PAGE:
I had an amazing childhood. My sister and I grew up on a small island off the West Coast of Scotland. We were part of a tight-knit community, living in a safe and nurturing environment. We played outside, swam in the sea and had our own ponies. We also had wonderful parents who we could talk to about everything and a mum who stayed at home to look after us until we were in secondary school.
I knew I wanted to give my children as wonderful a childhood as I enjoyed but it’s not as easy as I thought it would be. We moved to Colonsay from Edinburgh just before Sally was born but after a couple of years we moved back to the city.
“Sally playing on the beach on Colonsay”
Although I loved living on Colonsay as a child I didn’t enjoy it as an adult. I missed my career and my friends on the mainland and I could see that my children were missing out on certain things. Things like swimming lessons and ballet which have become important to them since we left Colonsay and which I longed to do as a child. Their social network on Colonsay was limited. Now they have so many school friends I can’t keep up with all their names. I can see that they have a good life living where we do. I’ve had to learn to accept that there can be more than one perfect childhood. Just because something was ideal for my parents doesn’t mean it is ideal for me. My children still spend a lot of time on Colonsay. Most of our holidays are spent there. They know so many people on the island and are definitely part of the community. But they are part of a separate community on the mainland too.
I try so hard to talk to my girls the way my parents spoke to me. As though they are sensible, sentient human beings whose opinions are worth seeking. I don’t always find it easy though. My parents are so patient – me less so. I feel so cross with myself sometimes when I grump at my girls, I work full-time and my time with them is precious. It’s not fair to spend that time being at cross with them because I’m tired or because the house isn’t tidy enough.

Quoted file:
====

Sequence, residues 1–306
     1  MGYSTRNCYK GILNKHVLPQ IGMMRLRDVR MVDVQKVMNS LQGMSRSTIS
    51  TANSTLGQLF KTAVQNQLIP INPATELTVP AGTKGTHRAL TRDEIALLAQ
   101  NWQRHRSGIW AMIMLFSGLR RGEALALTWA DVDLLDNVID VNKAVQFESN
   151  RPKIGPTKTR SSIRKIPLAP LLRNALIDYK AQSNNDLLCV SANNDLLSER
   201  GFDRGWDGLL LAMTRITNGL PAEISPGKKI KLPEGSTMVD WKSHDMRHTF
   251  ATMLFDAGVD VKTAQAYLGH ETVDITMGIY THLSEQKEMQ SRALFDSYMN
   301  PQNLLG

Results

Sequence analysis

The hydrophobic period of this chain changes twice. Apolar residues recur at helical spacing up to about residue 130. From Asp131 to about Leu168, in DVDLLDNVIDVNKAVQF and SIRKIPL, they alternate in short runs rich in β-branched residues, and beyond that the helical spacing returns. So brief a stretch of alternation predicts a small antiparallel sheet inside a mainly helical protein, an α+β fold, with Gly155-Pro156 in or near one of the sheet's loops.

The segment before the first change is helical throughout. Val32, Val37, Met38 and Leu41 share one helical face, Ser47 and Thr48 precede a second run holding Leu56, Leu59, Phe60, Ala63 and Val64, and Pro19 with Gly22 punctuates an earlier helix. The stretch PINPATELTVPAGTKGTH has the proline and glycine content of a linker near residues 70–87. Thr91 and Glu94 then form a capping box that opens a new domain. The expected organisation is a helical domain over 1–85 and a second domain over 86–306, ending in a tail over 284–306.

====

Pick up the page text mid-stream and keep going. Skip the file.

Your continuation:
Because I work so much and because we have chosen to live on the mainland I sometimes feel that I should give in to every request and whim my children express. They should be having gymnastics and Highland dancing lessons along with the ballet and tap that they already have. They should be having piano and recorder and martial arts lessons, we should say yes to every play date and party invitation, to every request for new toys or sweets. Of course that’s not practical. I also want my girls to know that resources are finite. That sometimes you have to work for things and that ultimately you can’t have everything you want.
I’m so proud of my little girls. They are inquisitive, intelligent, kind and thoughtful. They both have amazing imaginations and they are learning to play together and forming a bond that I hope they will carry with them into adulthood.
I’m growing to accept that there is no such thing as a perfect childhood, nor a perfect parent. All we can do is our best. If we treat our children with love and respect, set them clear boundaries and appreciate their concerns then hopefully they will turn into happy young woman who look back as fondly on their childhood as I do mine.
Thank you so much Morna for sharing your story with us today. It was so fun to read about your life so many hours away from us in Scotland and be able to identify with you as a mother.